The Bank concluded its meeting by saying it remains committed to doing what it can to support jobs, incomes and businesses to ensure that Australia is well placed for the expected recovery. Moreover, the RBA said it will not increase the cash rate target until progress is being made toward full employment and officials are confident that inflation will be sustainably within the Bank’s 2–3% target range.
Given the risks around the economic outlook right now, coupled with the RBA signalling that interest rates won’t rise until there’s been significant progress toward its employment objective, our view is that the official cash rate will likely remain around its current low level of 0.25% for an extended period. We also expect the Bank to end its government bond purchasing program before it raises interest rates.
Australian dollar extends gains
The Australian dollar (AUD) made further gains in May, extending its rise from the near 20-year low it hit in March. The AUD benefited largely from the ‘risk on’ tone that permeated financial markets throughout the month, as well as stronger commodity prices and further Chinese stimulus. The currency was also supported by general US dollar (USD) weakness. Limiting the advance was a series of disappointing domestic economic data, ongoing tensions between Canberra and Beijing and heightened Sino-US frictions.
The AUD rose 2.5% against the British pound, 2.0% against the Japanese yen and 1.4% against the USD. It fell 0.7% against the euro, while the broader Australian Trade-Weighted Index1 closed the month 1.7% higher.
The coronavirus pandemic has stalled the mini-cycle rebound and made a global recession likely. Although the duration of the pandemic remains unpredictable, monetary and fiscal stimulus, pent-up demand and a lack of major imbalances argue for a solid upswing when the virus threat eventually clears. Provided the virus is transitory, the global economy should be poised to rebound in the second half of this year. However, whilst equity markets are likely to rebound once the virus is contained, the growth disruption from the virus is likely to trigger a 2020 recession, with global gross domestic product growth likely to be negative in the first quarter and at high risk of contracting further in the second. Progress in containing the virus will have a direct impact on the depth of such a recession.
Our view on global equities remains optimistic. Valuations have clearly improved after recent, large market falls. The outlook is more positive once factoring in the substantial stimulus measures being implemented, even though our near-term outlook is for a recession. Equity markets which have been hardest hit by the virus may be those that benefit the most from the eventual rebound. We believe UK and euro zone equities are attractively priced. Europe’s high weighting to cyclical stocks should help it outperform in the recovery. Emerging markets equities should also benefit from the eventual recovery as they too are attractively valued. We maintain an underweight to US equities, driven primarily by their expensive valuations relative to these other regions.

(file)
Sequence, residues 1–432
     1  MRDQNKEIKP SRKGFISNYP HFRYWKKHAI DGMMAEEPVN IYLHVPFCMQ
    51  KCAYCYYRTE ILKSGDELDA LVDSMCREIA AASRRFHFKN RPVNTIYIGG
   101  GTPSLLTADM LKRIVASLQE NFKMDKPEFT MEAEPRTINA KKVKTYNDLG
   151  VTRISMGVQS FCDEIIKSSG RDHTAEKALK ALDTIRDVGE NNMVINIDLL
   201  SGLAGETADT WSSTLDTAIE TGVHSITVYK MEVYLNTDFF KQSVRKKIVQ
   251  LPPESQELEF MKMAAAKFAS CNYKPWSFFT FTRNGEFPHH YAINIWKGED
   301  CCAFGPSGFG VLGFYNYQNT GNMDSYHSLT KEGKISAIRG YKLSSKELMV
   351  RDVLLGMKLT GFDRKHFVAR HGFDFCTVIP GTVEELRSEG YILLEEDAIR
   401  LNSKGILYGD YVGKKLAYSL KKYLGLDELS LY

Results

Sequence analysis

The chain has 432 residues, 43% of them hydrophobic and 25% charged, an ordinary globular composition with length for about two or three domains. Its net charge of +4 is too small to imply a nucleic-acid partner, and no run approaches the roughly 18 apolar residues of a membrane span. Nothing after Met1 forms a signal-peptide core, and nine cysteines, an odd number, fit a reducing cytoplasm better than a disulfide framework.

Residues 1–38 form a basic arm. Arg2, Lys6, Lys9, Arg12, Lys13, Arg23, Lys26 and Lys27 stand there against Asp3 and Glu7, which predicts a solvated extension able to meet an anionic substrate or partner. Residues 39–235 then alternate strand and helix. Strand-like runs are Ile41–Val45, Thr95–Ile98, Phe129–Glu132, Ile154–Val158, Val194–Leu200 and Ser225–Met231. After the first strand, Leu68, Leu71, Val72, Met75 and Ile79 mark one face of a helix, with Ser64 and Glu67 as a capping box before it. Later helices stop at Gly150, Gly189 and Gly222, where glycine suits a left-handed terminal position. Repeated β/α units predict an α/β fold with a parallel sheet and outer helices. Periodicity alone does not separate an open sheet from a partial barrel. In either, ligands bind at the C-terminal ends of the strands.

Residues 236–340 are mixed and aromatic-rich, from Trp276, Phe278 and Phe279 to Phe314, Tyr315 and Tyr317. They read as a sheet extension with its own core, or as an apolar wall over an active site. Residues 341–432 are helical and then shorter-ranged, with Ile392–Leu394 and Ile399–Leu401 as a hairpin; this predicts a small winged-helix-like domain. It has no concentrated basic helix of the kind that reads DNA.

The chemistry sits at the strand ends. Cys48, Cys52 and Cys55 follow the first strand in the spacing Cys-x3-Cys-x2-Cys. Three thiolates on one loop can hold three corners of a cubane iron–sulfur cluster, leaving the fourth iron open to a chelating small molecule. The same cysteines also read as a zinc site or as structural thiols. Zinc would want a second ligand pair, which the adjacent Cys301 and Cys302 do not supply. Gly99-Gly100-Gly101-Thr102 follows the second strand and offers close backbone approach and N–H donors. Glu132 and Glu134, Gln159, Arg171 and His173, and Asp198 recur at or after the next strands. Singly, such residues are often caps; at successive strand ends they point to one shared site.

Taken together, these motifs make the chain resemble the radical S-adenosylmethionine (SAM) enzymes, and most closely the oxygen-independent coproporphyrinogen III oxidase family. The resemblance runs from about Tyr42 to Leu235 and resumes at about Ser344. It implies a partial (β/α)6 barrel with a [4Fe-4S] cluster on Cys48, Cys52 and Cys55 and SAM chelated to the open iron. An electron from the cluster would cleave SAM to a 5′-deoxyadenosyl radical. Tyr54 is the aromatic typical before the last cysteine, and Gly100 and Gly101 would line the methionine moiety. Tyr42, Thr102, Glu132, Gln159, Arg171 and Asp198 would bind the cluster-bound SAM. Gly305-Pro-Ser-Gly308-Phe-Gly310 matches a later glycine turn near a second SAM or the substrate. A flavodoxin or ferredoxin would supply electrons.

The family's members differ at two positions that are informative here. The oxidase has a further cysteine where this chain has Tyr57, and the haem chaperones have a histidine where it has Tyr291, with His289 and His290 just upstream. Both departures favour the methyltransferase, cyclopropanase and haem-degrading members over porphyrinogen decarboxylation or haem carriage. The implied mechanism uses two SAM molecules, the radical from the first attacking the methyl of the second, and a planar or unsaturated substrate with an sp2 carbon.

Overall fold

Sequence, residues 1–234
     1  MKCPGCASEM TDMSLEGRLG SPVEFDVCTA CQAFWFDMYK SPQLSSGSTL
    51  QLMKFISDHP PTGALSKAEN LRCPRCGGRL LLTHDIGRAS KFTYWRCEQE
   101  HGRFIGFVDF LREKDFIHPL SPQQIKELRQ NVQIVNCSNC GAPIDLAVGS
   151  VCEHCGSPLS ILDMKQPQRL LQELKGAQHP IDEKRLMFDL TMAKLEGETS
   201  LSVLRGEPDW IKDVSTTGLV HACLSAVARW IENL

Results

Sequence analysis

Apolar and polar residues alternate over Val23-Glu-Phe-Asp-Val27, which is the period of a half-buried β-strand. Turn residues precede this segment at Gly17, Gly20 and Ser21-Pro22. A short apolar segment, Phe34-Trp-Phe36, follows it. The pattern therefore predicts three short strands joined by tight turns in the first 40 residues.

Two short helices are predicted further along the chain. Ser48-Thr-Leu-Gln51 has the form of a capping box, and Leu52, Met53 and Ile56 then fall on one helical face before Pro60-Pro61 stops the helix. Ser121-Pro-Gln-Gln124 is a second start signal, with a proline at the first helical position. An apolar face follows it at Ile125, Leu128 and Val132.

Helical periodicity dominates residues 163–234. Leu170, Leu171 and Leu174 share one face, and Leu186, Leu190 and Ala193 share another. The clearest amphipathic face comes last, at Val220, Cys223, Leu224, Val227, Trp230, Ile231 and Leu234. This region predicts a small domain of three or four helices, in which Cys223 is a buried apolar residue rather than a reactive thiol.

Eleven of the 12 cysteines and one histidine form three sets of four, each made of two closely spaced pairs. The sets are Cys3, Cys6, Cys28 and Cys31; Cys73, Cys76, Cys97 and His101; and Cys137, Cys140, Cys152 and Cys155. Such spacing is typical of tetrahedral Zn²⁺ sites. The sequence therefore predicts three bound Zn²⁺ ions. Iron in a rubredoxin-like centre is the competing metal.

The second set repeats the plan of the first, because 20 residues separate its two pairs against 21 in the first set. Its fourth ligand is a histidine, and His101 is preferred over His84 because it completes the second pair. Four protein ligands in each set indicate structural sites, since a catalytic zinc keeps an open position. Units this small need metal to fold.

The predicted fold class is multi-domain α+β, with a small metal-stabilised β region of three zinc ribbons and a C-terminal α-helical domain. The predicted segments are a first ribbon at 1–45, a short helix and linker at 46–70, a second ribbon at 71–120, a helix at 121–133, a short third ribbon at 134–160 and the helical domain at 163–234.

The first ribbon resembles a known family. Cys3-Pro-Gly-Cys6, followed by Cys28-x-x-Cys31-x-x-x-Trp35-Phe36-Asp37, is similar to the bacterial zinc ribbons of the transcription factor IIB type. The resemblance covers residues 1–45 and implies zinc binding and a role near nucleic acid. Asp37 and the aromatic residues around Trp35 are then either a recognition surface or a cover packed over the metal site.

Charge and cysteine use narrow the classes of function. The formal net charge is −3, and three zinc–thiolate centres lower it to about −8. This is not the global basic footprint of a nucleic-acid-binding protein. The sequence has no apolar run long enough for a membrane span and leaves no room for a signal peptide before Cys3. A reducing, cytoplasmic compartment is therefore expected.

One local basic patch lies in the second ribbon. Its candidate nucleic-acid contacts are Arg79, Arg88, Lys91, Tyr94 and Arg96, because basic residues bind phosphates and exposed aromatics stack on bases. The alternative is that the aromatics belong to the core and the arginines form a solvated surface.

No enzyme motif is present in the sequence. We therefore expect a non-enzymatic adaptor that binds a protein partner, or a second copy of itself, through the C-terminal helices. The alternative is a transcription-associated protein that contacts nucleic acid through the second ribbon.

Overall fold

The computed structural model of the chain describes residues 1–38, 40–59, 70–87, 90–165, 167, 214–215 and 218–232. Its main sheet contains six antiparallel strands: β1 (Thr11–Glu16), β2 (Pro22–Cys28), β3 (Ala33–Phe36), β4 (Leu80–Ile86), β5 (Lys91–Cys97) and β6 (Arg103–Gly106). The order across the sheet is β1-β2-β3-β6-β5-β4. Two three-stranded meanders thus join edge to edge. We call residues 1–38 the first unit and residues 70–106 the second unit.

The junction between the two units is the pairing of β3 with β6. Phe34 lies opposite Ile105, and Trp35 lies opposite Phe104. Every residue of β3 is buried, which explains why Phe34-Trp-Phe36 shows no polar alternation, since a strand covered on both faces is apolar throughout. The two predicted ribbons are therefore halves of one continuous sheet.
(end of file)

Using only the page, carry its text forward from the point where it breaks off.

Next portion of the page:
For fixed income assets, we continue to see government bonds as universally expensive. Whilst they may rally if the coronavirus pandemic escalates further, they nonetheless remain at risk of underperforming once the post-virus recovery commences. We believe high-yield debt is now very attractively priced. Although there is considerable uncertainty regarding liquidity risks in credit markets, the current spread to US Treasuries has historically been a rewarding point to add exposure.
In terms of currencies, we expect the ‘safe haven’ rally in the USD will unwind once we reach the post-virus recovery phase. This should favour currencies like the British pound, the AUD and the Canadian dollar, which are now significantly undervalued relative to long-term purchasing power parity comparisons.
Moving forward, the major risks to our 2020 outlook include more aggressive and longer containment measures should the coronavirus pandemic re-escalate when current measures are relaxed. The economic impact of the virus may turn out to be larger than expected, with a sharp plunge in cashflows causing highly-indebted companies to default, triggering a credit crunch in the broader economy. Further, it is possible that global supply chain disruptions could have a larger and more sustained negative impact on global growth. Nonetheless, we remain alert to risks and volatility as we enter a likely global recession. Importantly, we believe this is an environment that will favour our active management approach.
1 The trade-weighted index for the AUD is an indicator of movements in the average value of the AUD against the currencies of our trading partners.